Is a trademark owner the first person to register the trademark?

Is a trademark owner the first person to register the trademark?

Trademark law in the Untied States is a combination of federal law, state law and common law principles.  The purpose of trademark law is to protect consumers from inferior quality products.  The user of a trademark is granted certain exclusive rights to brand products with a trademark so that consumers will not be confused about the identity of the producer of a product.  Registration of a trademark in the United States will grant the person who registers the trademark some additional rights but registration is not required to start using a trademark to brand products.  If someone other than the owner of a trademark brands products in a way which confuses consumers, that can be considered trademark infringement.  The trademark owner can file a lawsuit to get an injunction to stop trademark infringement and to get monetary damage for trademark infringement which has already occurred.

To register a trademark in the United States, a trademark owner must demonstrate that they are currently using the trademark in commerce or they have an intent to use the trademark.  The trademark application process is not complete until the trademark applicant demonstrates that they are using the trademark in commerce by filing a Statement of Use.  A trademark applicant can extend the time limit for filing a Statement of Use for up to 36 months if they can so a good cause for not using the trademark.  If a statement of use is not filed than the United States Patent and Trademark Office will consider the trademark abandoned.

A point of confusion for some people is that registration of a trademark does not guarantee that the owner of the registration owns the trademark.  If another party can demonstrate that they were using the trademark before the registrant then that party would not be liable for trademark infringement in some circumstances.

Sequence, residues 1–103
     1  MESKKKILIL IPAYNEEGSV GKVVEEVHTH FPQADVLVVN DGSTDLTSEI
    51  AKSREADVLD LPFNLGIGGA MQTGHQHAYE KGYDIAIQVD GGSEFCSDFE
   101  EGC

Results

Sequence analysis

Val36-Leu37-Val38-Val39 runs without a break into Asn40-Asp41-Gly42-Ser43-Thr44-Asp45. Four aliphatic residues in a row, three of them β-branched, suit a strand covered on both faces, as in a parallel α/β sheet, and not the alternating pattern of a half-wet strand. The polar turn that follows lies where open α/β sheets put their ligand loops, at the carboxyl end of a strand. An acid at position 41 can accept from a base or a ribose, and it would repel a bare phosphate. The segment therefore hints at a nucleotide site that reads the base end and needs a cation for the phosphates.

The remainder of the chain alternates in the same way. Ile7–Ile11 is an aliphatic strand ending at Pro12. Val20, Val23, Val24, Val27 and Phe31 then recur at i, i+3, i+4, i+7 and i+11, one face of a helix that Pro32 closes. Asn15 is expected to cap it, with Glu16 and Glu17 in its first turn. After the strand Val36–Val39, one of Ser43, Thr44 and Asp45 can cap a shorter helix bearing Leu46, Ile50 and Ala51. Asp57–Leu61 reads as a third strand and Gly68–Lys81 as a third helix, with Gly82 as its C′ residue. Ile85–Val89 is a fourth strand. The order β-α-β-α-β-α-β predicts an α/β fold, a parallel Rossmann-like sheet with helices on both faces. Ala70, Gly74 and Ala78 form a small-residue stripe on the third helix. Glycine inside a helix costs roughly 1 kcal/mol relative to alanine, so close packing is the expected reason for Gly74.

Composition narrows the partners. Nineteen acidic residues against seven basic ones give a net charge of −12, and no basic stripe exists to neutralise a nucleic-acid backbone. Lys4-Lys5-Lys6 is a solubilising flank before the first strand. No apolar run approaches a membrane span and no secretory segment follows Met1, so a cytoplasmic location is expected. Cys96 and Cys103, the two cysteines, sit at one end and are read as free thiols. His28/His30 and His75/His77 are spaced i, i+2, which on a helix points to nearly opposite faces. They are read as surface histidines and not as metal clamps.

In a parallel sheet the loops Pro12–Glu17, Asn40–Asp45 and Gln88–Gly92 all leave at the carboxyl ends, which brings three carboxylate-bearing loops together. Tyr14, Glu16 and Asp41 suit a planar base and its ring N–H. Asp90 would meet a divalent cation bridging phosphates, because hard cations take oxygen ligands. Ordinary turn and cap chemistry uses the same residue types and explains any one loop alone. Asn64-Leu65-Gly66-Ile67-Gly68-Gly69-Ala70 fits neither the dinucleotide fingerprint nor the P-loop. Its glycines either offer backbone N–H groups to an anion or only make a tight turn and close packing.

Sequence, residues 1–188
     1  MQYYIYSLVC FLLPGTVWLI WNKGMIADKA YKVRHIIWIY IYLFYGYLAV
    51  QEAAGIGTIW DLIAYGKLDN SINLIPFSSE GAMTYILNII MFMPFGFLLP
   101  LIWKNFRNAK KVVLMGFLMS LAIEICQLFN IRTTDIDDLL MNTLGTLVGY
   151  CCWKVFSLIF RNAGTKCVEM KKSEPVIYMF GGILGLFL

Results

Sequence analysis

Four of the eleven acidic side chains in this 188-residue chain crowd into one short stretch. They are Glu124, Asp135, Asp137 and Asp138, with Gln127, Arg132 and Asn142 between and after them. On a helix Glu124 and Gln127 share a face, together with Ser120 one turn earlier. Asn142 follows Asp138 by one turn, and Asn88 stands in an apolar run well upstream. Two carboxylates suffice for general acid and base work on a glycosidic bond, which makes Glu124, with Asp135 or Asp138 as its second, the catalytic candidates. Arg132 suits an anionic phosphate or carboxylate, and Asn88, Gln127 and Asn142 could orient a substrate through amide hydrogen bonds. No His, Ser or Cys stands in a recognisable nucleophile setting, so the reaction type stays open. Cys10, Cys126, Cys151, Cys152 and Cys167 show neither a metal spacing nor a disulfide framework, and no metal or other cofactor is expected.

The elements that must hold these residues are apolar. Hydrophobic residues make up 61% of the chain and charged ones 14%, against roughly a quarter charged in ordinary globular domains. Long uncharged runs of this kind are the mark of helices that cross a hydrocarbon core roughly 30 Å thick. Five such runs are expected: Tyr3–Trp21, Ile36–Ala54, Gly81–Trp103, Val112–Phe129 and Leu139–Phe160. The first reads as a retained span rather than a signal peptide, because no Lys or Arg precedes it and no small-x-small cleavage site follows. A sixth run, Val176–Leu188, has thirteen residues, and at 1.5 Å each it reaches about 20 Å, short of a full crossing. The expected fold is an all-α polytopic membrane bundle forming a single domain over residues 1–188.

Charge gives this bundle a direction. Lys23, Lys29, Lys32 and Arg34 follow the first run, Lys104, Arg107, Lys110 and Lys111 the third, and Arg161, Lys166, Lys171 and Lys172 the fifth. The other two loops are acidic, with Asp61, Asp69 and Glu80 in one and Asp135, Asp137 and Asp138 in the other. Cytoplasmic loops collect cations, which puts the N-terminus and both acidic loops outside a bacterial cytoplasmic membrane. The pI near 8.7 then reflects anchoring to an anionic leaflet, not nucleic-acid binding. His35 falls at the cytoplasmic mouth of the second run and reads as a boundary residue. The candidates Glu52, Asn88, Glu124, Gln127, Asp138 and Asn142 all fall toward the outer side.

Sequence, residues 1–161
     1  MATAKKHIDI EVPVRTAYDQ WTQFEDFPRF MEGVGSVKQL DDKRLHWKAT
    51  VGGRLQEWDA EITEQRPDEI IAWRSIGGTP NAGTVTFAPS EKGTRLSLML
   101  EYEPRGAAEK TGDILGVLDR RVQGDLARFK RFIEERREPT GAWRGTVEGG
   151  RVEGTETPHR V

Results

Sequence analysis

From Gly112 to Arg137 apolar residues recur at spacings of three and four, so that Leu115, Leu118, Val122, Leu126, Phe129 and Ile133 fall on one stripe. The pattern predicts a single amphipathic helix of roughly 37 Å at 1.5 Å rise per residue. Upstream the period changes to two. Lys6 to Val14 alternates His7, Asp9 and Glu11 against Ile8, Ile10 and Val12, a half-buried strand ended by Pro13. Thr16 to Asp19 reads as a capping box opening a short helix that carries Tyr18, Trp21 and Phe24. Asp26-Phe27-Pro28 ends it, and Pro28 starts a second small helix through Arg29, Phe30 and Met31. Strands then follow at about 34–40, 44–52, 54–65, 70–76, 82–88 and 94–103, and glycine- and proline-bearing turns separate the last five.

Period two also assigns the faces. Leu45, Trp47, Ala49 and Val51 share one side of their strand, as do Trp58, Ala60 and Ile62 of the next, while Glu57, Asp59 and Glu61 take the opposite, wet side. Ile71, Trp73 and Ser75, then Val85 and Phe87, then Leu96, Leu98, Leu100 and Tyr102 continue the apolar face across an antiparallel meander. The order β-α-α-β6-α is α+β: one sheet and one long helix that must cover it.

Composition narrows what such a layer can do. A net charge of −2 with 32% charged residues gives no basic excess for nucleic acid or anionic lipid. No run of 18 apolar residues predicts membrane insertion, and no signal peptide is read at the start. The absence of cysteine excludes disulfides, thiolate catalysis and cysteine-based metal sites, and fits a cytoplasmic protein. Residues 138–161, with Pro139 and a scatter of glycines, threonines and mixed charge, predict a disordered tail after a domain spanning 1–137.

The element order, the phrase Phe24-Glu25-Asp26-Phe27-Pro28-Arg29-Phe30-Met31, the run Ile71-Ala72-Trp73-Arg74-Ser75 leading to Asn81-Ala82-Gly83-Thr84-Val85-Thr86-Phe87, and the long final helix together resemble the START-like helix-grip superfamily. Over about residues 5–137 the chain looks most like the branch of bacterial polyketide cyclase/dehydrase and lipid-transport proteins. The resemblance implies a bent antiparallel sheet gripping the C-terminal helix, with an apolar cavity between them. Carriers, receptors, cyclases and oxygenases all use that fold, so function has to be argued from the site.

The general rule for trademark ownership in the United States is that ownership of a trademark goes to the first-to-use, not the first-to-file.  While registering a trademark grants the registrant significant benefits, trademark priority is more important than trademark registration.  The party that uses a trademark in commerce first is called the senior user and has priority over later users, even if later users register the trademark.

The justification for this rule is that trademarks are intended to let consumers identify who produced a product, if consumers have not seen a trademark before than the trademark cannot serve its purpose.

Establishing priority to a trademark is extremely simple, the trademark just needs to be used in commerce before anyone else does.  Using the trademark means the trademark is used in regular business operations.  If the use of the trademark is sporadic or inconsistent then that does not satisfy the usage requirement. In commerce means that product packages are branded with the trademark or that business documents associated with sales feature the trademark.  Simply claiming the trademark is not enough to satisfy the in commerce requirement.

Trademark priority can be tricky to understand at first, but it is a relatively easy requirement to satisfy.  If you have questions about trademark priority or using your trademark in commerce it is best to discuss your concerns with an attorney familiar with trademark law.

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